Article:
Agreement has been reached over the finalised lay-out of the composite course at Gullane which is preparing to host many of the world’s leading players at the Aberdeen Asset Management Scottish Open next summer.
As expected, the championship lay-out for the first professional event to be held over the famous East Lothian links since the club was established in 1882 will predominantly feature the holes which currently make up Gullane No 1, a venue previously utilised by the Royal and Ancient for Open qualifying.
However, with over 1,000 acres of land at the club’s disposal and 54 holes of overwhelmingly attractive seaside golf available, the European Tour has opted to test the professional elite with a composite course featuring 16 holes from No 1 and a brace of holes from No 2.
The lay-out will start on the second hole of No 1, a demanding uphill par 4 with a narrow fairway leading to a steep green, before following the lay-out of the main course up to the 14th.
At that point, the composite will move to encompass two holes from No 2, the 7th and the 8th, before returning to No 1 for the 15th and 16th (the 16th and 17th of the composite) before finishing off on the 18th with a redesigned closing hole featuring a new tee currently being built on the left of the 17th fairway.
According to the captain of Gullane, Robert Dick, agreement with the organisers on the lay-out was only reached in the last week or two. “This has taken some time because the European Tour and the club wanted to ensure all the detail was in place before publication,” he said.
“The course will now start on the second on No 1, playing all the holes to the 14th. The next hole will be the 7th on No 2, teeing from the blue tee on the 15th on No 1. You would think that tee had been designed for the purpose. A new tee is being built for the 8th on No 2, lengthening the hole by 25 yards.
“Many of us find the 8th [on No 2] a tricky hole and the extra distance should challenge the best as well. After finishing this hole, the players will walk a short distance to a new tee for the 15th on No 1, to the right and behind our other [existing] tees.
“No change to the par 3 16th – the 17th on the composite – then over the hill to the new tee for the final hole, currently being build on the left of the 17th fairway. This is a spectacular hole which will be a real test from the new tiger tee.”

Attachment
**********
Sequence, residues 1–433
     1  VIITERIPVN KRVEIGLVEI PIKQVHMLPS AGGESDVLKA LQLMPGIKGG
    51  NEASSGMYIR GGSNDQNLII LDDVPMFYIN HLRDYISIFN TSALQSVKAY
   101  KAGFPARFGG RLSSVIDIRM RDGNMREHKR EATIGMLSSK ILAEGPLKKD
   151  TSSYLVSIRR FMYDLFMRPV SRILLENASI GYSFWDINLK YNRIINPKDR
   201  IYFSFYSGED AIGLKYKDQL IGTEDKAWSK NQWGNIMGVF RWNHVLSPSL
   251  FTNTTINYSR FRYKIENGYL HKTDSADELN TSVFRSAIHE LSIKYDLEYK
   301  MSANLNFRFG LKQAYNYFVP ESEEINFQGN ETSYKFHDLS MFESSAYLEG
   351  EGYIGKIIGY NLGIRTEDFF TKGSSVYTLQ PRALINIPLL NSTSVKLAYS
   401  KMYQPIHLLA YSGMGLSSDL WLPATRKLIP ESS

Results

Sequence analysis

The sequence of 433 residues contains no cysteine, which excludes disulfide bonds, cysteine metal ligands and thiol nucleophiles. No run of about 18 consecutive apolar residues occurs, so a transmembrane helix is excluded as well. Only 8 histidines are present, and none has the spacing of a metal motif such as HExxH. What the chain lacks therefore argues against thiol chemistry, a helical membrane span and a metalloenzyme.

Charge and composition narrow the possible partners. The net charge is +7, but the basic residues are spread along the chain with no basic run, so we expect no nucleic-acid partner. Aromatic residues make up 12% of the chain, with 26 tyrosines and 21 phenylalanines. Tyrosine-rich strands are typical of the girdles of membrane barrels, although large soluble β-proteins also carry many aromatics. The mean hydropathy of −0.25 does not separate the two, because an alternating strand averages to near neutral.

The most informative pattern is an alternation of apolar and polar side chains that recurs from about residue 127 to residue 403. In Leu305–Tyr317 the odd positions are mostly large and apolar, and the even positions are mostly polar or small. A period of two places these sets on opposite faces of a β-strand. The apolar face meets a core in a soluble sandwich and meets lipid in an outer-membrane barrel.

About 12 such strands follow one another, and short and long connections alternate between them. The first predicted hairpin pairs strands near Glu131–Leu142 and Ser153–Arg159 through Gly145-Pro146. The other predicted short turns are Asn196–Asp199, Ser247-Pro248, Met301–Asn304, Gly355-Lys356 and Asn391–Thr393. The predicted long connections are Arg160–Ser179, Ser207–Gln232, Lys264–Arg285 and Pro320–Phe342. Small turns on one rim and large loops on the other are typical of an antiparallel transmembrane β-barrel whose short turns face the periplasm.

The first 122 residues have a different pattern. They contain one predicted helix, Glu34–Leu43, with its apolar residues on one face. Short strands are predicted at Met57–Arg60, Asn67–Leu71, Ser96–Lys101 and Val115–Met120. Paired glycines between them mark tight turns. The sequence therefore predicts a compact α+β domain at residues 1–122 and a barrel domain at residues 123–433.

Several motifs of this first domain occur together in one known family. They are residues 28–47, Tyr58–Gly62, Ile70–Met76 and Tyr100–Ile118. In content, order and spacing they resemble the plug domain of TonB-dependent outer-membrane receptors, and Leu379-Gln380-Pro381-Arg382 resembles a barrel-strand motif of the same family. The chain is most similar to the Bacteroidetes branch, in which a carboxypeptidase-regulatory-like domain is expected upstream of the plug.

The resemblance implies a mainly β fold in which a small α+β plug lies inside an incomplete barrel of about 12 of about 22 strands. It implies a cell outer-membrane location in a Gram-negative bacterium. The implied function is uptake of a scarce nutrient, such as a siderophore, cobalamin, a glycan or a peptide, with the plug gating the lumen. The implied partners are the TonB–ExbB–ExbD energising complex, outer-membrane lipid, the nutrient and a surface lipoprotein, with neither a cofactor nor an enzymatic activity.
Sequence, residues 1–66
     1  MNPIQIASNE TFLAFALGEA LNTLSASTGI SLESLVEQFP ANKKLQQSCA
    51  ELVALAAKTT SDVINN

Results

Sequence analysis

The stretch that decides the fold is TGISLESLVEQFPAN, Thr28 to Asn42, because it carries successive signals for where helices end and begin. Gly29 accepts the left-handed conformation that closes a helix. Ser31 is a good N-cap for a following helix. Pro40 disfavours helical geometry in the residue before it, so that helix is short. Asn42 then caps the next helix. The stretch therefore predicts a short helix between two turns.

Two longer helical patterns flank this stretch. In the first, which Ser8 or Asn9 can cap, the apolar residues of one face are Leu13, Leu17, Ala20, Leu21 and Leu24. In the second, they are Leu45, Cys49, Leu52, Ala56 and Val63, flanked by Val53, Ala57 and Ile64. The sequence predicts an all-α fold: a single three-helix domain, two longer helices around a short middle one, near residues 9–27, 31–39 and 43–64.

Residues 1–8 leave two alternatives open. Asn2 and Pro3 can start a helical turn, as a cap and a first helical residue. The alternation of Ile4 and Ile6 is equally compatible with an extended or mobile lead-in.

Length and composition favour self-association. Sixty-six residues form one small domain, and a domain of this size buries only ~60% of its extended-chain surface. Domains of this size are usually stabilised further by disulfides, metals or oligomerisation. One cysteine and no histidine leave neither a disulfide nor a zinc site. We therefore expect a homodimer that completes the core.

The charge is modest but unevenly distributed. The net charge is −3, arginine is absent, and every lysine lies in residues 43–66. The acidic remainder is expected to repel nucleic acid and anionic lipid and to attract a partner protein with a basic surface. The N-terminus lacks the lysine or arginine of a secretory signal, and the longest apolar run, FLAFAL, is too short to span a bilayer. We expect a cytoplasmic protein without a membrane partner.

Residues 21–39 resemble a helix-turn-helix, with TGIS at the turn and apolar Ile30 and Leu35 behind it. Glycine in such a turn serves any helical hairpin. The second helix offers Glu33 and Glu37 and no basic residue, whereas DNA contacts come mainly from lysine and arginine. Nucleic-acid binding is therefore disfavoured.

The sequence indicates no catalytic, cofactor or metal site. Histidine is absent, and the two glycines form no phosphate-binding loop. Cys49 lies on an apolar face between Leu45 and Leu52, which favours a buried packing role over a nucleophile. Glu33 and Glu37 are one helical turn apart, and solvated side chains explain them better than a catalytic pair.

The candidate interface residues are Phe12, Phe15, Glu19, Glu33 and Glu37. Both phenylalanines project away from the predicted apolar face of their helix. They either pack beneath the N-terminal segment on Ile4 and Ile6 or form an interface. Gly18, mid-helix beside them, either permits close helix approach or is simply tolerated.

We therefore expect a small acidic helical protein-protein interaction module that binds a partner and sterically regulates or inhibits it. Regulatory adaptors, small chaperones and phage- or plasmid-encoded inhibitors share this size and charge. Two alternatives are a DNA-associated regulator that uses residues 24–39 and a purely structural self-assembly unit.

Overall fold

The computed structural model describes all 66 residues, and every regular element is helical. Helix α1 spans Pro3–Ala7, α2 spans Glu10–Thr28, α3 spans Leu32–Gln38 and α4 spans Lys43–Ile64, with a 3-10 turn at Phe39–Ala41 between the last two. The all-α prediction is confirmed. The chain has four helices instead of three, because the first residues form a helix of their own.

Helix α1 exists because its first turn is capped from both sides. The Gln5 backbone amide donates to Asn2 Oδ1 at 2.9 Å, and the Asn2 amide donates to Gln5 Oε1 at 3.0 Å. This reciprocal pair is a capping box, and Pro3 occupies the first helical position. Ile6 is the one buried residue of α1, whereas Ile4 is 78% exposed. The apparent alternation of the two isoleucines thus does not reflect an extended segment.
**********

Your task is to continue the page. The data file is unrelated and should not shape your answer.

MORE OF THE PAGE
A practice range is also being constructed to the right of the 18th fairway on No 3, some considerable distance back from the current facility. “These fellows,” Dick observed, “do hit the golf ball a long way.”
Addressing the concerns of Gullane members on whether any additional bunkers or, heaven forbid, deeper rough was planned before next July, Dick responded: “The European Tour officials are very happy with the lay-out and have made no requests for extra bunkers or more punishing rough.”
The lay-out is notably different from original speculation which suggested the par-3 fourth on No 1, as well as the first and the 17th holes, would be omitted for the Scottish Open to include the 4th, 5th and 16th from No 2. In the end, that draft proposal fell by the wayside.
It means the fourth on No 1, a short par 3 with an upturned saucer green, has been restored to the fold while the fourth on No 2, regarded by many aficionados as one of the most beautiful and intriguing par 4s at Gullane, misses out.
Mike Stewart, tournament director of the Scottish Open, explained last night how the Tour had some reservations about the original routing of the composite because of the location of the greenkeepers’ sheds behind the 5th on No 2 and the lack of greenside bunkering on the 16th.
He felt the decision to go with 7 and 8 from No 2 was less problematic logistically and believed that the combination of the views from the 7th as well as the challenge of the 8th would enhance the composite course.